SINGAPORE (Reuters) - China has choked back on imports of liquefied petroleum gas (LPG) from the United States, traders and analysts said, turning to the Middle East for extra supplies amid the two countries’ trade dispute.
China bought nearly 3.6 million tonnes of U.S. LPG in 2017, making the United States the country’s second-largest supplier of the fuel used in petrochemicals, as well as for cooking, transport and heating.
However, U.S. imports have come off dramatically over the course of 2018, before stalling completely in late August when China imposed an additional 25 percent tariff on over 300 U.S. goods, including LPG, in retaliation for U.S. tariffs.
Consultancy IHS Markit estimates U.S. imports fell to barely 1 million tonnes during the first eight months of 2018, down from about 2.1 million tonnes for the same period last year, said He Yanyu, Executive Director for Natural Gas Liquids.
(GRAPHIC: China LPG imports from top suppliers - tmsnrt.rs/2ynjtSn)
The fall came as Chinese buyers wound back U.S. purchases of LPG amid uncertainty about the impact of buying product from the United States, said a trader who tracks the fuel.
No U.S. LPG cargoes have landed in China since tariffs were imposed in late August, said Ong Han Wee at consultancy FGE.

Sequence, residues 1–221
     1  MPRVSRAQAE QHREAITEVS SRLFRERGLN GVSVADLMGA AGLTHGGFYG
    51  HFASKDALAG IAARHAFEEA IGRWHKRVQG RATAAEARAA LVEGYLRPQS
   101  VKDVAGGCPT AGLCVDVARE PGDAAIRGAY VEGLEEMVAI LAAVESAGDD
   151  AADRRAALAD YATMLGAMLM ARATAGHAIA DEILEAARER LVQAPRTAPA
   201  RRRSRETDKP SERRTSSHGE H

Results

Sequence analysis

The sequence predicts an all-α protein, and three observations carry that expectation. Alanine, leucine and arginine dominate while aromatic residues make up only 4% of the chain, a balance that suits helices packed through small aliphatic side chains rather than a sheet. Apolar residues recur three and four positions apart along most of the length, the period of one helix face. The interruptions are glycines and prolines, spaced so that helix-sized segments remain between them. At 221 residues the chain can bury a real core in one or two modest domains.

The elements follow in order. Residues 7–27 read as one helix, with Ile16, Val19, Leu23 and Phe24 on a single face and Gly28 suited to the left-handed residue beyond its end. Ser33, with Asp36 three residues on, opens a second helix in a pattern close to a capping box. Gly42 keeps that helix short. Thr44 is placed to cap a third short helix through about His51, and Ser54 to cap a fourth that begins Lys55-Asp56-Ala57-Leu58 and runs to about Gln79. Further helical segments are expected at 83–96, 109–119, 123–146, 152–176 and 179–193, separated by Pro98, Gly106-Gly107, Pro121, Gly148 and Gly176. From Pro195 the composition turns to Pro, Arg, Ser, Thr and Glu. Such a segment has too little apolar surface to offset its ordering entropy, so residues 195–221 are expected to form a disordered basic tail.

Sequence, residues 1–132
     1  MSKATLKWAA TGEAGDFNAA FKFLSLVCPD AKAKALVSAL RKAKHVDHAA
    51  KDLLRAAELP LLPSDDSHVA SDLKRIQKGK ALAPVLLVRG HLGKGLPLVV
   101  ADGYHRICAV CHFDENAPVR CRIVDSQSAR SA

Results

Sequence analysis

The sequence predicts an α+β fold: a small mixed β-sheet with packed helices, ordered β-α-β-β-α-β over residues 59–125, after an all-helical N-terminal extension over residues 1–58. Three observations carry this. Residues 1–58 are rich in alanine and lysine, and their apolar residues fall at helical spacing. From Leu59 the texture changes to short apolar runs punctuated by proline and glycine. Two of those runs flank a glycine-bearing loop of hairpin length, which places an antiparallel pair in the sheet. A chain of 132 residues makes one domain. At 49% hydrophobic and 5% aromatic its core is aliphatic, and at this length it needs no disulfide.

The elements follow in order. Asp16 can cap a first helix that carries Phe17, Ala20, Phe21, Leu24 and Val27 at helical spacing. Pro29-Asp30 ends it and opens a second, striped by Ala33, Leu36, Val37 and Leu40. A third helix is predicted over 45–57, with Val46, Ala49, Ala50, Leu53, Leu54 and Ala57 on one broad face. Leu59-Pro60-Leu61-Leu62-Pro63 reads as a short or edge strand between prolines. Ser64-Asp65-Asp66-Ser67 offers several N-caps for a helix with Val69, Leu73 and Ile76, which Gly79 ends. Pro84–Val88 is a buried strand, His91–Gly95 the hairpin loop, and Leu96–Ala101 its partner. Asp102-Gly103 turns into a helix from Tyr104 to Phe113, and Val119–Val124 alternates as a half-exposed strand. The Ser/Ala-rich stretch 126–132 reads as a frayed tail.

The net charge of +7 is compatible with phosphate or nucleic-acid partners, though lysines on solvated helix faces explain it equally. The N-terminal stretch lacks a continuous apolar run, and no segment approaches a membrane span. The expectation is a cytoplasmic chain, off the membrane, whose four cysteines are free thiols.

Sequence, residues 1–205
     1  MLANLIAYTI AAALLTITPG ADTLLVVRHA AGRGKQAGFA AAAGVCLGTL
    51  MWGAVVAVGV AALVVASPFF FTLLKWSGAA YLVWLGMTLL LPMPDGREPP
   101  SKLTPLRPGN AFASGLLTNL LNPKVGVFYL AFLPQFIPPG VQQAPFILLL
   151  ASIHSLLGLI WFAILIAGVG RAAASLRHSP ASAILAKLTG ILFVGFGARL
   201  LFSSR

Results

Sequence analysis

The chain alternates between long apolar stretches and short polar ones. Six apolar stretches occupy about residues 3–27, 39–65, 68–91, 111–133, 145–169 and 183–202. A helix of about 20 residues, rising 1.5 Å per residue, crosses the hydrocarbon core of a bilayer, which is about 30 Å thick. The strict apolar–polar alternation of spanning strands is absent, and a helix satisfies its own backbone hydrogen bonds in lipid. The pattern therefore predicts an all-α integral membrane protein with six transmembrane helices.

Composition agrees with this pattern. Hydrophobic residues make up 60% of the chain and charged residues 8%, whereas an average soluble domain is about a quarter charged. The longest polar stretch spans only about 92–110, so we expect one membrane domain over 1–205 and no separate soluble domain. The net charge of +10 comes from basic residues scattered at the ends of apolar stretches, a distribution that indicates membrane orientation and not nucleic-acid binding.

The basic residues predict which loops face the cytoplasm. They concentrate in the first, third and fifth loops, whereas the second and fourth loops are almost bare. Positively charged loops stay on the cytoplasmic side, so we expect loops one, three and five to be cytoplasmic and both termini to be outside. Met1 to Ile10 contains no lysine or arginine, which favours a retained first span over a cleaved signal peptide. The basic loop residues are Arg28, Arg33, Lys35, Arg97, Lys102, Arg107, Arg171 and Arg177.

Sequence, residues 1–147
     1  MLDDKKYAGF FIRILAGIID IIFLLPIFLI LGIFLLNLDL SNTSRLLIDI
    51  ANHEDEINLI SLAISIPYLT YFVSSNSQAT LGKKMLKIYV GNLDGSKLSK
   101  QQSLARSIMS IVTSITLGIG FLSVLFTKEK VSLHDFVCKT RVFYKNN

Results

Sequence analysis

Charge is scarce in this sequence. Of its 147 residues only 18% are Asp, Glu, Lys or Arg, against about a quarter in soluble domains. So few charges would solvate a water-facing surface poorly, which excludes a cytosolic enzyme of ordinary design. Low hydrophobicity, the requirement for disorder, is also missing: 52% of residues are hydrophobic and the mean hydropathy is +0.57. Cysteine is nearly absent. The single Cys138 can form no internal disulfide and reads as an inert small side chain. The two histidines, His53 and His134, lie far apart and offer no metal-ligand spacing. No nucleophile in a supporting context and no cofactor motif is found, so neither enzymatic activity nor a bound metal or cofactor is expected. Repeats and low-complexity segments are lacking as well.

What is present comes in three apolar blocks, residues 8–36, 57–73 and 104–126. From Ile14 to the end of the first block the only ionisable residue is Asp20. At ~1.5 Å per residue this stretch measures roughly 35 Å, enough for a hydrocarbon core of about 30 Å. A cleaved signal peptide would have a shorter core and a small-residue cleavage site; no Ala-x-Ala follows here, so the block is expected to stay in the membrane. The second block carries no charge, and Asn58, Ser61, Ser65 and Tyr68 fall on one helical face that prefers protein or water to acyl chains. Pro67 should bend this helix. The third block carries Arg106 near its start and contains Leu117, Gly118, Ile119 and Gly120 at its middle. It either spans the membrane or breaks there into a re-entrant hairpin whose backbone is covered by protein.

“China has stopped shipping in U.S. LPG cargoes as they are now too expensive,” added a second trader who tracks LPG cargoes.
The United States last year accounted for about 20 percent of China’s total LPG imports, which are currently running at about $1 billion a month, based on Thomson Reuters calculation.
The U.S. gap is being filled largely by Qatar, the United Arab Emirates (UAE), Saudi Arabia and Kuwait, analysts said.
The change comes as prices for the fuel, often a mix of propane and butane, spike in line with higher oil prices.
State-owned Saudi Aramco, whose contract prices are used as benchmarks in Asia, fixed its propane and butane contract prices for October at $655 a tonne, the highest since 2014.
U.S. prices are also rising. The propane price at the Texan Mont Belvieu hub hit its highest since 2014 on Sept. 28 at around 108 cents per gallon before easing to around 104 cents on Oct. 9.
(GRAPHIC: LPG prices on the rise in line with crude oil - tmsnrt.rs/2ynl3nh)
This works out to about $542 a tonne, based on Reuters calculations, but is above the Saudi Aramco price after taking into account freight and terminal charges and the additional 25 percent tariff.
China’s LPG imports rose about 15 percent to nearly 18.3 million tonnes in 2017, driven partly by new petrochemicals plants which use the propane dehydrogenation method to produce the raw material for plastics..
IHS’s He said LPG prices were likely to stay firm in November and December due to higher oil prices and winter demand.
Reporting by Seng Li Peng; editing by Richard Pullin